Gladys (McDermott) Morrison, 98, was called home by her Lord and Savior on March 15, 2022. She passed away with her family by her side at her loving daughter’s home.
Funeral services will be Friday, March 25, at 1:00pm at Whitted Funeral Chapel in Shelby. Burial to follow in Mountain View Cemetery.
Gladys was born March 7, 1924, in Gold Butte, MT to Phillip and Rudy McDermott, she was the oldest of eleven children. She was raised at West Butte where there once was a coal mine. You might say, “she was a coal miner’s daughter” Gladys attended school in Sunburst. During her High School years she was a baton twirler for the Sunburst Band. She also worked while going to school, she would do everything and anything. Gladys also played a hand in raising her younger siblings.
Gladys worked for The Christian Ranch, it is there that she met the love her life, John Morrison. As she told the story, she was doing dishes and looked out the kitchen window and saw this handsome Scottish fellow sitting on a manure pile. Their eyes met and he waved to her. Time passed and they dated going to as many dances as they could. They were married on September 1, 1941, in Sunburst. On June 9, 1942, they welcomed a son, Clarence, on April 14, 1944, a son, Kenneth, and later a daughter, Darlene on December 17, 1956.
They spent the early part of their lives working in various places. Johnny worked at the Sunburst refinery, while Gladys was a mom and took in washing and ironing. Johnny had always wanted to be a rancher, so they set out to find a ranch to work on. They worked on numerous ranches in the Sweetgrass Hills. During those years, Gladys did the cooking, cleaning and anything else that needed to be done. She tried to learn things everywhere she went. Over the years of working on different Ranches she became life friends with many.
Together they decided it was time to find a ranch of their own. Landing them at the Morrison Ranch, as small as it was they made it do. For many years they had sheep and later switched to cattle. Gladys was one of the hardest working women her family ever met. During lambing and calving season, she was the one who did the night herding. Many times by herself would care for 100 new born lambs a night or more. She was always there for docking, branding, fencing, haying and did a whole lot of rock picking. She also planted a garden and canned lots of good things. There was no running water in the house. That meant someone had to fetch water from a shallow well with 5 gallon buckets and carrying them to the house. Gladys fetched more water than any of us care to count. Gladys was known for her bread and pie baking skills which she passed down to Darlene. Their kids learned to work at an early age, they learned the value of sacrifices and what it took to succeed.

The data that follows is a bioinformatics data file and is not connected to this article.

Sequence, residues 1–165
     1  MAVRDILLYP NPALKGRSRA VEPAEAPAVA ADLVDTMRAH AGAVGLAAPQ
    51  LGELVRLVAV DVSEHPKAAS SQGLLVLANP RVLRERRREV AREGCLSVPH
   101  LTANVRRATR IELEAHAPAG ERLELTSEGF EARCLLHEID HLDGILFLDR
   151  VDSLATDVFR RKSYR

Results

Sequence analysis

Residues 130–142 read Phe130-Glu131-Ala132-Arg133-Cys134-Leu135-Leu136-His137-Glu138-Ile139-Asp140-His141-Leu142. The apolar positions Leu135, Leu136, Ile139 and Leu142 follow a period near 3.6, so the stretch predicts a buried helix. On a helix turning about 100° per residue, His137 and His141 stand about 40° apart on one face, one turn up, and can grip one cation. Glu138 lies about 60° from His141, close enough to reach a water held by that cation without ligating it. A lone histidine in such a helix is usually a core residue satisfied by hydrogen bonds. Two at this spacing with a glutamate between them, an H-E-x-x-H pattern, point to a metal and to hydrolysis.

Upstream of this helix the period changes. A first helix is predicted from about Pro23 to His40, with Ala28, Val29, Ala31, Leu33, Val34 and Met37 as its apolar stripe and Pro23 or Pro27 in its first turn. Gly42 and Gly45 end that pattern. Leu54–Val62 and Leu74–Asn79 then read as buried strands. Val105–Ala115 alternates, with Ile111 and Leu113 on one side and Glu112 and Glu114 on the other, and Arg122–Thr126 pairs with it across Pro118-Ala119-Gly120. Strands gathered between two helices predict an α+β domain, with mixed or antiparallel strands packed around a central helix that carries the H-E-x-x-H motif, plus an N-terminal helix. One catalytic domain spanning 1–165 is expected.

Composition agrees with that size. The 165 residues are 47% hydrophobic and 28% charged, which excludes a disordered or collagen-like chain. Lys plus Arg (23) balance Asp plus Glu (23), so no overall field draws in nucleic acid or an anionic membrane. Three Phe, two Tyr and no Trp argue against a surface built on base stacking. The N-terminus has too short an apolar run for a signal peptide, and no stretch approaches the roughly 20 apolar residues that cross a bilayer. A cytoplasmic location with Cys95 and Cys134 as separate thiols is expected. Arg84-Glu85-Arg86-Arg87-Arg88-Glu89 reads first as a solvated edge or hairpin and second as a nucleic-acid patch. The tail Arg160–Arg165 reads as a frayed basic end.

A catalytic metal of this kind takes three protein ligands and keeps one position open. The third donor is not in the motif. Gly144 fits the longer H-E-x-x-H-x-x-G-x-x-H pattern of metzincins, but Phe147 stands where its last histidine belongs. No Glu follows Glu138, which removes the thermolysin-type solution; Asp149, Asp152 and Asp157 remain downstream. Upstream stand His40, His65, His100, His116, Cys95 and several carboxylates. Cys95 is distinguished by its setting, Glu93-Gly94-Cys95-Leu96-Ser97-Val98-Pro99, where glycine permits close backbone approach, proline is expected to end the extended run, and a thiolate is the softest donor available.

Gladys and John knew their way around a dance floor now and again. They could be found at card parties, basket socials and an occasional play at the Whitlash Hall.
In her retirement, she loved to quilt making over a 100 of them, most of which she gave away. Later she did table runners, she gave them to her family and friends. She was a giving, caring person and loved spending time with her family and friends.
Gladys was preceded in death by her soulmate and husband, Johnny; her parents; brothers, Bobbie, Teddy, Paul, Robert, Tommy; and two sisters, Lucy and Violet.
Survivors include sons, Clarence (Alice) of Livingston and Kenneth (Ellie) of Shelby; and daughter, Darlene (Mark) of Bozeman; granddaughters, Darci, Dana, and Sheila; grandson, Kyle; three great grandchildren, Matt, Wes, and Katie; four great great grandchildren, Anabelle, Logan, Tanner and Haileigh; brothers, Joe and Freddy; and sister, Alice.
In lieu of flowers make a donation to your favorite cancer research of choice.
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